Explanation

  • Lund came to Rome in 1802 after first training in the academies in Copenhagen and Dresden and finally under David at Paris. In Rome, he joined the prolific group of artists around Thorvaldsen and the poet Friederike Brun. He knew Friederike Brun from Denmark, where he had given her children instruction in drawing. During the final months of her visit to Rome in 1810, Friederike Brun had the recently arrived Nazarenes – Overbeck (whose parents she knew from Lübeck), Pforr, Vogel and Hottinger – living at her home, and there Lund met them before moving back north with Mrs Brun. Lund hoped to become a professor in the Academy at Copenhagen. However, he was not at first successful in this, and in 1816 he returned to Rome. During the years that had now elapsed, the Nazarenes had established themselves. Their art had found its characteristic expression, and despite his neo-classical background, Lund was very open to the new trends. The painting of St Ann and the little Mary – Nazarene by virtue of its tender feeling and its early Renaissance style – is thought to have been painted in 1818 on the basis of a sketch of Friederike Brun and her foster daughter Emilia Maria Zoëga. 1818 was also the year in which Lund and Eckersberg were appointed professors in Copenhagen. Eckersberg was of great art-historical importance as the teacher of the most important of the artists who came to characterise the Golden Age. But by virtue of his international outlook and good contacts to the Nazarenes, Lund also played a part.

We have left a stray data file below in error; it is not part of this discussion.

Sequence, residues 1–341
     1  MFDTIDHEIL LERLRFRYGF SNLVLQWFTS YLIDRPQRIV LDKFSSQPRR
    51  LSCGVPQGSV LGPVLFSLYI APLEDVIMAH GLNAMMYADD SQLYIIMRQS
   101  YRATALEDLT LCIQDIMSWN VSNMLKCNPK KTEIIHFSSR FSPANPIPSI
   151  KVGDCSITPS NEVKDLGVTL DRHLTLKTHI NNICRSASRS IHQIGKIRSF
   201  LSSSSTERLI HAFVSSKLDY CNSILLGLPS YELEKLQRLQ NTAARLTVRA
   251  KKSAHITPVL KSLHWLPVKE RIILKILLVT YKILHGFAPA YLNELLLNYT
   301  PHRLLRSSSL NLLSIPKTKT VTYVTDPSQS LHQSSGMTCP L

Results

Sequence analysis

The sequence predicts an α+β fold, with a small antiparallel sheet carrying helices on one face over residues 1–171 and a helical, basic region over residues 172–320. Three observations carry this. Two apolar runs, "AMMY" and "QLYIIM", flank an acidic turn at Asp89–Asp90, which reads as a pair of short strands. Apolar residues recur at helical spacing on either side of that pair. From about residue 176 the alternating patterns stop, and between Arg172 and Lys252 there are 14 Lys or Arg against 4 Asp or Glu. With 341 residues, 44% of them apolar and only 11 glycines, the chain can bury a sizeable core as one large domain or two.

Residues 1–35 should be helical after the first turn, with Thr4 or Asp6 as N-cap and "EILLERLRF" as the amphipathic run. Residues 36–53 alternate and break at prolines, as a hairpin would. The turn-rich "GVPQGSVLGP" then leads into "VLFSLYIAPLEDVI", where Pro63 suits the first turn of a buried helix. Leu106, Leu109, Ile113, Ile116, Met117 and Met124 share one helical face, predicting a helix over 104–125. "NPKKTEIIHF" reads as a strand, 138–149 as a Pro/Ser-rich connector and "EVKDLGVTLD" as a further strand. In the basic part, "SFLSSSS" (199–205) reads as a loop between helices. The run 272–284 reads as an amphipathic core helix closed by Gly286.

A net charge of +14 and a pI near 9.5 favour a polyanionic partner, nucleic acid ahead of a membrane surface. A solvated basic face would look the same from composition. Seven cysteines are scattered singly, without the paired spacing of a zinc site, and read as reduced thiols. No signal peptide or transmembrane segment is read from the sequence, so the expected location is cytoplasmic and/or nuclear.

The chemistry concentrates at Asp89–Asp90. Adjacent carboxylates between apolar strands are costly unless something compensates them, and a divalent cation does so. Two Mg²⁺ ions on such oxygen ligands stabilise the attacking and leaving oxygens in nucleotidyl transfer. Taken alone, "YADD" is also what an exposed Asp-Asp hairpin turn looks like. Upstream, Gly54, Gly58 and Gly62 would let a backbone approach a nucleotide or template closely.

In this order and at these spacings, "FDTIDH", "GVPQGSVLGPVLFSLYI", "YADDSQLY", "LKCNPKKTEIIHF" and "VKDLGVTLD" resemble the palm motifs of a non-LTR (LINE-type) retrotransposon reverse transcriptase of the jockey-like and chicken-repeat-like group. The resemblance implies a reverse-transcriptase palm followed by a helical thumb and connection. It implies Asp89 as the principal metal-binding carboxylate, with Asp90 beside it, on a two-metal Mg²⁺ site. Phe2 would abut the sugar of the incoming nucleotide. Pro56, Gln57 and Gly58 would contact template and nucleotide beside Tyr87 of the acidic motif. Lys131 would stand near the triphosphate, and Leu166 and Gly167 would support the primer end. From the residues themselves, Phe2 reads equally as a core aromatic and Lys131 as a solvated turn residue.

Motiv / Tema